Take a bite out of orthodontist bills
Braces make a world of difference -- and not just for cosmetic reasons. Here are some ways to bring down the costs.
Like any dental care, orthodontic treatment is costly. But there are a few ways around the high cost of a healthy smile.
These days the emphasis is on health as much as appearance. Properly aligned teeth and jaws improve the way a person bites, chews and speaks.
Flashing the tin grin now will affect dental exams in the future, too.
Teeth that fit neatly together are also "easier to clean and maintain, which means they're less prone to plaque formation, cavities and gum disease," according to a staff-written article on MayoClinic.com.
Not all dental insurance plans include orthodontic treatment, and more than 130 million Americans have no dental coverage of any kind. If that's you and someone in your family needs braces, keep reading.
Deeply discounted care
Depending on your income level you might be eligible for free or nearly free orthodontic care through programs such as Smiles Change Lives and the Smile for a Lifetime Foundation. The American Association of Orthodontists has a state-by-state list (.pdf file) of programs providing this kind of care.
Note: Each program has different qualifications -- e.g., that the child can't be older than 18. Because it can take up to a year to be approved, look into these programs now, but prepare to wait.
- Bing: Who invented braces?
Another cost-cutting tactic: Seek treatment at a dental school with an orthodontics program. The total bill varies depending on the school (the orthodontists association doesn't track pricing), but it will definitely be lower than that of an established orthodontic practice.
Some colleges accept Medicaid-authorized cases. It's also possible that a child with an unusually challenging malocclusion will have treatment fees waived entirely, according to Dr. Sundaralingam Premaraj of the University of Nebraska.
Since university programs may not offer as many appointment options as a full-time orthodontics practice, this isn't an option for everyone. Additionally, there's no guarantee your child will be accepted; dental schools seek a mix of common and unusual cases in order to give residents the most comprehensive training possible.
If you can work within those parameters, though, you'll save some bucks. The AAO maintains a list of accredited orthodontics schools in 32 states, the District of Columbia, Puerto Rico and five Canadian provinces.
Two more tactics
No dental school nearby? Don't qualify for reduced-fee care? Try a discount dental plan, for which you pay an annual fee and get treatment at discounts of up to 60%. Some of these plans include orthodontic care.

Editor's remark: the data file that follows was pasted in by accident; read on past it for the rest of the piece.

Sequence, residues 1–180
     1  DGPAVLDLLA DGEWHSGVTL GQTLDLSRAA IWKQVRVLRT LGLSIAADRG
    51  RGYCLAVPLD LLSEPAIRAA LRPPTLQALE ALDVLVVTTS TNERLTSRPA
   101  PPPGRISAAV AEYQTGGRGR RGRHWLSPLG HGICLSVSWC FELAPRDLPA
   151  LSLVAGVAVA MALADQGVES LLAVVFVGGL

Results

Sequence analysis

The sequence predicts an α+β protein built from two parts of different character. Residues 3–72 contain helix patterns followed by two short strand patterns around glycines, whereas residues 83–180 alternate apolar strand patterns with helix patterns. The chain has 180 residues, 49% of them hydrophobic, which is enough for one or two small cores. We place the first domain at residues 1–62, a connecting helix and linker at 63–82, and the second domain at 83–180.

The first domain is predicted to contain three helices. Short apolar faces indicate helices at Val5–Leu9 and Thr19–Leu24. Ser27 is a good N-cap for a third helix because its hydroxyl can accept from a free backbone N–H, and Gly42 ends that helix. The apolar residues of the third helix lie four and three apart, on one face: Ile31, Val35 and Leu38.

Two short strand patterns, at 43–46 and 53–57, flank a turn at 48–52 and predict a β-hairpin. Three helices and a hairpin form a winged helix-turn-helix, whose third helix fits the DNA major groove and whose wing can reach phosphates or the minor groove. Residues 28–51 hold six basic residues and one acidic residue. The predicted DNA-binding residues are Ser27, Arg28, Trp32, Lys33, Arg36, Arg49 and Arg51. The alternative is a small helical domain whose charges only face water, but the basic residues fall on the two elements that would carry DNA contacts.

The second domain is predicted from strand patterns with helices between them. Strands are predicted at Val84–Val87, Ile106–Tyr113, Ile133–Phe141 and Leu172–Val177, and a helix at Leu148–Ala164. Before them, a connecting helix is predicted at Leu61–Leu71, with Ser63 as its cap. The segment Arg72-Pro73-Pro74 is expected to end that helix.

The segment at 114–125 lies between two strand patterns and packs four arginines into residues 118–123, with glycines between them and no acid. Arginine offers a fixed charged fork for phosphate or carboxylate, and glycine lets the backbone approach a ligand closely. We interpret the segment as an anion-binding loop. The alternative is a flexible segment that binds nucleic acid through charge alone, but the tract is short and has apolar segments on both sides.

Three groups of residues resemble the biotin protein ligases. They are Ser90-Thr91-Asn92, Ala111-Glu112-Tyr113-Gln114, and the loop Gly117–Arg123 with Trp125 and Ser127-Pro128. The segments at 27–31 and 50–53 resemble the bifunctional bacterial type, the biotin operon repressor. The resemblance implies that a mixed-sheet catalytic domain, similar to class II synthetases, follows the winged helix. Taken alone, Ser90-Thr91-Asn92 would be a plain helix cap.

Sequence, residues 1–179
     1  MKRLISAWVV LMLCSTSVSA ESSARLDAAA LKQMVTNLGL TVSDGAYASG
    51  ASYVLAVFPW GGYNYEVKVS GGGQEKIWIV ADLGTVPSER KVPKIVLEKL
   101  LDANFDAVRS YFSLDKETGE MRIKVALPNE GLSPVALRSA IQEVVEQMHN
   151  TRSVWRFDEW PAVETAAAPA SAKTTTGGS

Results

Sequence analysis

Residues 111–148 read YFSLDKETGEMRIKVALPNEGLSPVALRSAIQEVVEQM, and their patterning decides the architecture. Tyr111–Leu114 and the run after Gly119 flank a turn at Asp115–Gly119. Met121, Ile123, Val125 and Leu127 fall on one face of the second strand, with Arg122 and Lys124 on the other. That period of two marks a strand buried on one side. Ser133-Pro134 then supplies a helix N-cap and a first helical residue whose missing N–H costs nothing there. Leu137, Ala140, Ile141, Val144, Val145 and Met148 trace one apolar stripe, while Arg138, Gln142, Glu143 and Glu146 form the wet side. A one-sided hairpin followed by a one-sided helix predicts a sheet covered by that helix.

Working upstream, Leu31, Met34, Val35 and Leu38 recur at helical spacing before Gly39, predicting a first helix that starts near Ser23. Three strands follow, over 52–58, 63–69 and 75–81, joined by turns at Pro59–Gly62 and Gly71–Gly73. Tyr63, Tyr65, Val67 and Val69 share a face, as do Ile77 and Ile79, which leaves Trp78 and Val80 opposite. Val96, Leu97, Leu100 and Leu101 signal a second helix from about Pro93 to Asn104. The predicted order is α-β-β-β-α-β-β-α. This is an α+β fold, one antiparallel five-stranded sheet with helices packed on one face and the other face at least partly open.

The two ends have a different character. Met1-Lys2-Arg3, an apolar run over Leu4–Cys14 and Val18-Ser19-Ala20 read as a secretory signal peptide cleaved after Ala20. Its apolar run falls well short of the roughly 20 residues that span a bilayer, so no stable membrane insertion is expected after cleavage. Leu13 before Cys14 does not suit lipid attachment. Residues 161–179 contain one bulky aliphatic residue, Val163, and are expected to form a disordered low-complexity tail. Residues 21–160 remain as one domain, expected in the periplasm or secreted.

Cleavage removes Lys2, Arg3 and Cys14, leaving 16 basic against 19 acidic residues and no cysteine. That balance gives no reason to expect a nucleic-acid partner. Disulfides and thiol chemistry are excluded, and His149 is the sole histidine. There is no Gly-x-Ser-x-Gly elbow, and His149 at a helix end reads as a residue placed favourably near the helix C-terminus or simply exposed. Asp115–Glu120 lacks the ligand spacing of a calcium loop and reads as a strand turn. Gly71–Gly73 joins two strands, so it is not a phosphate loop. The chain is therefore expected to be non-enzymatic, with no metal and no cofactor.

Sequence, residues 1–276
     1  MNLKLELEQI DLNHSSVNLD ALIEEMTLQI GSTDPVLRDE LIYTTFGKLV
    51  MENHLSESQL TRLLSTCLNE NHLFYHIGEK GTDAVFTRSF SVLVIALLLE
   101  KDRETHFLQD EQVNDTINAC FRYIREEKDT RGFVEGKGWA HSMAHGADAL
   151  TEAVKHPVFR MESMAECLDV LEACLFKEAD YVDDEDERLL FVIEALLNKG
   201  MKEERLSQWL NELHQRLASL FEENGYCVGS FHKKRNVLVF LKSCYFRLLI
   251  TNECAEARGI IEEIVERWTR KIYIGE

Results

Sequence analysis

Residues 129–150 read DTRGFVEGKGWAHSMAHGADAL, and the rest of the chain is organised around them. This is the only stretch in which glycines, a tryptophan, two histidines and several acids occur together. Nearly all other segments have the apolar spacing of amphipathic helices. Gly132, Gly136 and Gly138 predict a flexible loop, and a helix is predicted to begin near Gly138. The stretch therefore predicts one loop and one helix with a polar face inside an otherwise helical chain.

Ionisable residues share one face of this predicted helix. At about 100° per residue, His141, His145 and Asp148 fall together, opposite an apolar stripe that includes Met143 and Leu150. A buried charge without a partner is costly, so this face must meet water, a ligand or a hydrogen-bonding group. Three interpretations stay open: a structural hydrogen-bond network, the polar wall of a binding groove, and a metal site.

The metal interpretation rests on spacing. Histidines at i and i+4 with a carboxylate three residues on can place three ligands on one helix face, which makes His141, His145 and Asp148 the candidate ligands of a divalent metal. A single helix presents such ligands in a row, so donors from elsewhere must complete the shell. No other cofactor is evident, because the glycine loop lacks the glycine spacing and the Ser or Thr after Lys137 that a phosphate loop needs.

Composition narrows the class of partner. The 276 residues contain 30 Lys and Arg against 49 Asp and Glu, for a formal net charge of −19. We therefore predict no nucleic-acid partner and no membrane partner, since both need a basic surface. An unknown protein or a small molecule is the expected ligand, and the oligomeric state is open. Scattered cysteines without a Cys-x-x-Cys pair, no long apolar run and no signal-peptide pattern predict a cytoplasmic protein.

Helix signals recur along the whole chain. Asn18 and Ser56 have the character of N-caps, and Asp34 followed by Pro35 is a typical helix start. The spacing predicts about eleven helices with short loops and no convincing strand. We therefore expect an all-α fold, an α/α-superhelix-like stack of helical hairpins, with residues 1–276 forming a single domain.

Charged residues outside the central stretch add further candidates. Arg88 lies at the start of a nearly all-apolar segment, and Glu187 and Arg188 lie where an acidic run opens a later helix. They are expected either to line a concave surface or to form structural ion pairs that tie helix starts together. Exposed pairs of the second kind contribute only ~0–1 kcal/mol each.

The savings can be considerable. Steven Less, of Vernon Hills, Ill., got estimates that ranged from $4,930 to $6,200. Through a discount dental plan Less found an orthodontist who charged $2,998 -- and who offered a 5% discount for full payment upfront. Thus he wound up paying $2,848 for his son's braces, a savings he calls "incredible."
"That's three thousand found dollars," Less says.
Look for plans through sites like New Dental Choice and DentalPlans.com. Before you sign up for a plan, make sure that orthodontists in your area participate and are accepting new patients.
Finally, try negotiating a better price. In an article called "Tips for keeping dental costs down," Consumer Reports suggests researching typical insurance-paid rates in your region and asking orthodontists to accept that fee (or less) in cash. Look up those rates at FairHealthConsumer.org and HealthCareBlueBook.com.
Readers: Have any kids in braces? Are you paying out of pocket or does your insurance plan chip in?
More on MSN Money:
True Dental Discounts - www.truedentaldiscounts.com that offers 20-60% in dental savings.
@Donna_Freeman the link for the article "Tips for keeping dental costs down" is a 404 error link same with the "no dental coverage of any kind"... other than that its a great article thanks!
I ended up with a minor oral surgery to correct a defect not diagnosed when I was younger. I have been out of braces for several years now and it was the best quality of life improvement I could have done for myself.
I was fortunate that my employer provided a modest assist in paying for the work.
My wife is a dentist and sometimes regrets not being an endodontist. She says that they are grossing about $2 million in our area. It's certainly not hard work and the liability is minimal.
Thanks, Donna, for these tips. My oldest son is going to need extensive orthodontic work, and I had pretty much resigned myself to having to pay it all out of pocket (no dental insurance). I may not qualify for any of these things, but who knows what will turn up!
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